As demonstrated in Example 3 and by the data in Table I, conductive polyester/polypyrrole and Kevlar/polypyrrole composite fibers were successfully grown in CH3 CN and in aqueous solutions containing a number of different electrolytes (TBA30 TS-, Na+ PSS-, Na+ DBS-, Na+ PVS-, and Na+ TS-). SEM images of the composite fibers show that polypyrrole deposits uniformly between the filaments of the nonconductive strings, as well as on the outside surface of the strings. FIGS. 2 and 3 show SEM images of Kevlar/polypyrrole fibers grown from CH3 CN/TBA30 TS- and H2 O/Na+ DBS- solutions, respectively.
Composite fibers obtained from CH3 CN/TBA30 TS- solutions using Kevlar strings could be repeatedly flexed in a 180° loop without any noticeable cracking. Images of the cross-section morphology of Kevlar/polypyrrole fibers prepared using TBA30 TS- as supporting electrolyte (FIG. 2b) show that the polymer phase undergoes plastic deformation when the fiber is cut with a razor blade, consistent with excellent flexibility of the fiber. Other fibers, including the Kevlar/polypyrrole composite fiber prepared from aqueous Na+ DBS- solution and shown in FIG. 3b, display smoother and sharper cross sections, indicative of a more brittle fracture.
The linear growth rate of the polypyrrole composite fibers depended strongly on the electrolyte composition and could be varied by one order of magnitude for different solvent/electrolyte combinations. The largest fiber growth rates were obtained in CH3 CN solutions containing 0.1M TBA30 TS-. In this solution, linear growth rates of 30 cm/hr at an applied current of 3 mA and flow rate of 20 cm/s were obtained for the deposition of polypyrrole on Kevlar. The growth rate of the polypyrrole composites did not strongly depend on the type of nonconductive string or on the solution flow rate; however, smoother fiber surfaces were obtained at higher solution flow rates.
It is believed that growth of single-phase poly(3-MT) fibers results from a decrease in the rate of 3-MT oxidation and/or oligomer deposition along the sides of the growing fiber, relative to that at the growing tip. Furthermore, since the polymer fibers grow only along the axis of the flow cell, it is clear that hydrodynamic flow patterns in the cell are coupled with the kinetics of the oligomer deposition and fiber growth. The ability to synthesize polypyrrole fibers indicates that these phenomena are general and not specific to the chemistry of 3-MT. The mechanism of growth of the polymer composite fibers appears analogous to the mechanism previously described for growth of single-phase fibers; electrical conduction in the fiber allows current to flow to the end of the polymer composite phase, where 3-MT (or pyrrole) is oxidized and deposited at the interface between the nonconductive string and the polymer composite. As with the single-phase fibers, the fact that the composite fibers have a uniform diameter over lengths of 1 to 10 cm suggests that the rate of polymer deposition is significantly larger at the end of the composite polymer phase than along the sides of the composite fiber. The order of magnitude increase in fiber growth rates obtained by depositing pyrrole and 3-MT on nonconductive strings is not understood.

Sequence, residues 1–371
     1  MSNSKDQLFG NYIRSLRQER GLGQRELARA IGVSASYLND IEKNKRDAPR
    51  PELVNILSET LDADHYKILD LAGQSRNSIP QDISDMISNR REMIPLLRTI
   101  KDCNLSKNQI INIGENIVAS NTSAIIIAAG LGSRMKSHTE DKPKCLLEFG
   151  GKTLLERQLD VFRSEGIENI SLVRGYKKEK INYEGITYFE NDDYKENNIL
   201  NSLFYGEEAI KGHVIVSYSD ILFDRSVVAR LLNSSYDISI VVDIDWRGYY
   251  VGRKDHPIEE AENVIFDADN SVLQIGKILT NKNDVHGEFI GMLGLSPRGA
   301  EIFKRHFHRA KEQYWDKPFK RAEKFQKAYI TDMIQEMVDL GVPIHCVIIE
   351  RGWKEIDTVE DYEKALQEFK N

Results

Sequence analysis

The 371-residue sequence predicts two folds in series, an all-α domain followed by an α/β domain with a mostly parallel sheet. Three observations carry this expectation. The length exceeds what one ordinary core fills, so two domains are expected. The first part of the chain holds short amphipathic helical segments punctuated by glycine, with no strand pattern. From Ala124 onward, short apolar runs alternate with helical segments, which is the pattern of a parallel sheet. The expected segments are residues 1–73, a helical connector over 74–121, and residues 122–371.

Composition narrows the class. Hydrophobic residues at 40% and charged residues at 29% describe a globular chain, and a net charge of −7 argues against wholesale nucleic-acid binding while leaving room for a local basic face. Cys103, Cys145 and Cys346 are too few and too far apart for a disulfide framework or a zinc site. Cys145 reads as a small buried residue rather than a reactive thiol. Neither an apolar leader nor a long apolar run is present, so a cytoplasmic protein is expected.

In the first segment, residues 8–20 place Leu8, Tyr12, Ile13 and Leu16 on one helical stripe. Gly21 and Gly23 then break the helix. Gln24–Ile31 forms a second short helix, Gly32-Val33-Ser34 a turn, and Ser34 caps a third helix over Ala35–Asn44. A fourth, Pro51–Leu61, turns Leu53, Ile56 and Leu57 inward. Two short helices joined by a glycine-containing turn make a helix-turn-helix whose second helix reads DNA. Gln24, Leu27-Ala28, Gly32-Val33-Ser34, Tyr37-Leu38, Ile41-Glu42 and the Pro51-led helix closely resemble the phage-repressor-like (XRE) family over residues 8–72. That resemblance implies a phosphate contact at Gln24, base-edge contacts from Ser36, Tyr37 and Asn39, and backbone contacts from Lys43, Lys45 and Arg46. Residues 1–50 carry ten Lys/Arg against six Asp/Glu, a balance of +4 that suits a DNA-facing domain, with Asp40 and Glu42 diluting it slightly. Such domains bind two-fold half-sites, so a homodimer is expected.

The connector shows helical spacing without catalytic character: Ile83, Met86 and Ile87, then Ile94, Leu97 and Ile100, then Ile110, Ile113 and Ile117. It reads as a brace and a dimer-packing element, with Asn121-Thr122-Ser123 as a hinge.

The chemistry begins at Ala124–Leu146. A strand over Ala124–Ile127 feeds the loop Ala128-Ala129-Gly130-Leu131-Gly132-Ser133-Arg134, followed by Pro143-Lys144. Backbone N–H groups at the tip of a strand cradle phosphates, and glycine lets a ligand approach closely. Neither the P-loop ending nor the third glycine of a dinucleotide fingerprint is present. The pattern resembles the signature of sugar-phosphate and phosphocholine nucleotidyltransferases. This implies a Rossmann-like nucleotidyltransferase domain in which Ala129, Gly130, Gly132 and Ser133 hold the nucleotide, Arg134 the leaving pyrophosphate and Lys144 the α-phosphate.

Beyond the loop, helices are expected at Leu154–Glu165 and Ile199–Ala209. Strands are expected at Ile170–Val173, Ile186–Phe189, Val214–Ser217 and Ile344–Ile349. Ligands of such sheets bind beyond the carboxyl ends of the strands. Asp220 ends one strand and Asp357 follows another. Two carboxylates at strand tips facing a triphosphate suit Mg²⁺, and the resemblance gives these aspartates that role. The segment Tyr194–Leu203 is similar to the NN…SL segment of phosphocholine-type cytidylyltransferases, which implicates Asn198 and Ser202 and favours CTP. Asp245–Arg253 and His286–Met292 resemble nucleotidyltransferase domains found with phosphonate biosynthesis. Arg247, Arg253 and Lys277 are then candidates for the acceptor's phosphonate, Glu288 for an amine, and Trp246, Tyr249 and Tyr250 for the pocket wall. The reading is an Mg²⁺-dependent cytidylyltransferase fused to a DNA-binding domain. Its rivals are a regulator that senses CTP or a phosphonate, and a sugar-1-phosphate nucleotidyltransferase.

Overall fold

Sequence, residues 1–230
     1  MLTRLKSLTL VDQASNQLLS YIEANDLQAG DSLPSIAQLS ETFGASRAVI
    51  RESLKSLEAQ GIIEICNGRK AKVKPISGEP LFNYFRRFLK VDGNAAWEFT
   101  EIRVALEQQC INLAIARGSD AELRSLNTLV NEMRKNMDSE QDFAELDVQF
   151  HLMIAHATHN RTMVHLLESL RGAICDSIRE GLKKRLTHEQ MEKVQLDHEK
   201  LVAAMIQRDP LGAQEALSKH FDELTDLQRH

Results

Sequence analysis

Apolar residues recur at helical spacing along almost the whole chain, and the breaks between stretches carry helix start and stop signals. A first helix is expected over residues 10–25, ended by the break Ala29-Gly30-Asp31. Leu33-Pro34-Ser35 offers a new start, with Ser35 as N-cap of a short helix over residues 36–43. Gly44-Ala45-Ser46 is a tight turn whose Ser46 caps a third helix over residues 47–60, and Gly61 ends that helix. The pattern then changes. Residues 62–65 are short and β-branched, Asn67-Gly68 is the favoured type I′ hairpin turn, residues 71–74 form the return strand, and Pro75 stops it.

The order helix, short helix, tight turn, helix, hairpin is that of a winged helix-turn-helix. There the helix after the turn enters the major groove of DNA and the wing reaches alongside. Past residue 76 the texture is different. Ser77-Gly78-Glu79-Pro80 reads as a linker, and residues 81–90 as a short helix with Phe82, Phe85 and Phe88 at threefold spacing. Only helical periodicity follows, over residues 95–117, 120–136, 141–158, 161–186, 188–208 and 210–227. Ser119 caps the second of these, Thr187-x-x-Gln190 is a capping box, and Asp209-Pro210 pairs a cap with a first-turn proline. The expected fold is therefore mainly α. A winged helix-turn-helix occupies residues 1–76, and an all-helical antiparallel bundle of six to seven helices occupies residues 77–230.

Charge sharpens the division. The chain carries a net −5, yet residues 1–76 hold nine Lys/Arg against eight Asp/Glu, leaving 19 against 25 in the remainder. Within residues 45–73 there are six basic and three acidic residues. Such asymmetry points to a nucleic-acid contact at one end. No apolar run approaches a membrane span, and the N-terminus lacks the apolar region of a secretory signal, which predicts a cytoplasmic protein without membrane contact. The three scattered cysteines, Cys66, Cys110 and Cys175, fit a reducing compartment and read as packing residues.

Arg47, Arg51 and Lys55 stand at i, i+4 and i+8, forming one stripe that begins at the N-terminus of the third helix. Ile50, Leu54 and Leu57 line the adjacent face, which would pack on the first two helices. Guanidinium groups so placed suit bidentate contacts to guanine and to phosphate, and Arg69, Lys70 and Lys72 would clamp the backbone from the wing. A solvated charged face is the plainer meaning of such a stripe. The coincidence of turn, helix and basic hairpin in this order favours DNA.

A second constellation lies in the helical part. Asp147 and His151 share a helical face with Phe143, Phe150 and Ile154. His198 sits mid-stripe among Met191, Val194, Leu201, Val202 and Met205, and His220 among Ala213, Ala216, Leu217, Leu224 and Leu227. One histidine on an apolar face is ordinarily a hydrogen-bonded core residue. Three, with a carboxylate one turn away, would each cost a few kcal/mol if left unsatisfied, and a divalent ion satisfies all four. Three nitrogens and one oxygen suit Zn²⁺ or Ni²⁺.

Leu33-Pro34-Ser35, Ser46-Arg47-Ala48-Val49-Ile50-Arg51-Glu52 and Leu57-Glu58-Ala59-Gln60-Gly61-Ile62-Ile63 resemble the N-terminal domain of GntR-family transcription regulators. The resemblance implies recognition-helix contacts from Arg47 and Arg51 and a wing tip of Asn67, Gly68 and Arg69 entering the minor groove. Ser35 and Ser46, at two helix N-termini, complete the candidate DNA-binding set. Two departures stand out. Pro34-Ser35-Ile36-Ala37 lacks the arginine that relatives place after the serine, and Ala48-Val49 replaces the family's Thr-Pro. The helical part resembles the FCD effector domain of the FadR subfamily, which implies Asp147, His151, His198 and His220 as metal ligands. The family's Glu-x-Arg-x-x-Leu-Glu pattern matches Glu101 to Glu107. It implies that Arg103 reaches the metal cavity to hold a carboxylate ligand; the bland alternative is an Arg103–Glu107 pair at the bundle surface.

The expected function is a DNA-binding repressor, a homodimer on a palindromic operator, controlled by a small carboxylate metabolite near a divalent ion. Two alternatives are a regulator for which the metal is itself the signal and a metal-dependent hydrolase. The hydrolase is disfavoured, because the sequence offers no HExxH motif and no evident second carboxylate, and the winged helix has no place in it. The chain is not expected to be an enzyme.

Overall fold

The present composite fibers have substantially improved properties relative to the single-phase poly(3-MT) or polypyrrole fibers. In addition to the demonstrated improvement in the flexibility and strength, and the strong adhesion between the nonconductive and conductive phases, the Kevlar/pyrrole fibers are electroactive and can be used as free standing electrodes. For example, FIG. 4 shows the voltammetric response of a 0.7 cm long, 0.2 mm diameter Kevlar/polypyrrole fiber in an aqueous 0.1M Na+ TS- solution. Although ohmic distortion of the voltammetric waves produces a large separation between the anodic and cathodic peaks as compared to the voltammogram of the corresponding thin film (FIG. 4b), the steady-state voltammetric response qualitatively demonstrates that the fiber undergoes a chemically reversible oxidation and re-reduction. The voltammetric wave is centered at about -0.4 V (vs. SCE), in reasonable agreement with the redox potentials reported for thin polypyrrole films in aqueous solutions.
All publications, patents and patent documents are incorporated by reference herein, as though individually incorporated by reference. The invention has been described with reference to various specific and preferred embodiments and techniques. However, it should be understood that many variations and modifications may be made while remaining within the spirit and scope of the invention.
|Cited Patent||Filing date||Publication date||Applicant||Title|
|US4585652 *||Nov 19, 1984||Apr 29, 1986||Regents Of The University Of Minnesota||Electrochemical controlled release drug delivery system|
|US4738757 *||Feb 20, 1987||Apr 19, 1988||Basf Aktiengesellschaft||Coating carbon fibers|
|1||*||A. Dall Olio, et al., Comptes rendes hebdomadaires des seances de l Academie des sciences, C267, 433 (1968) (no month).|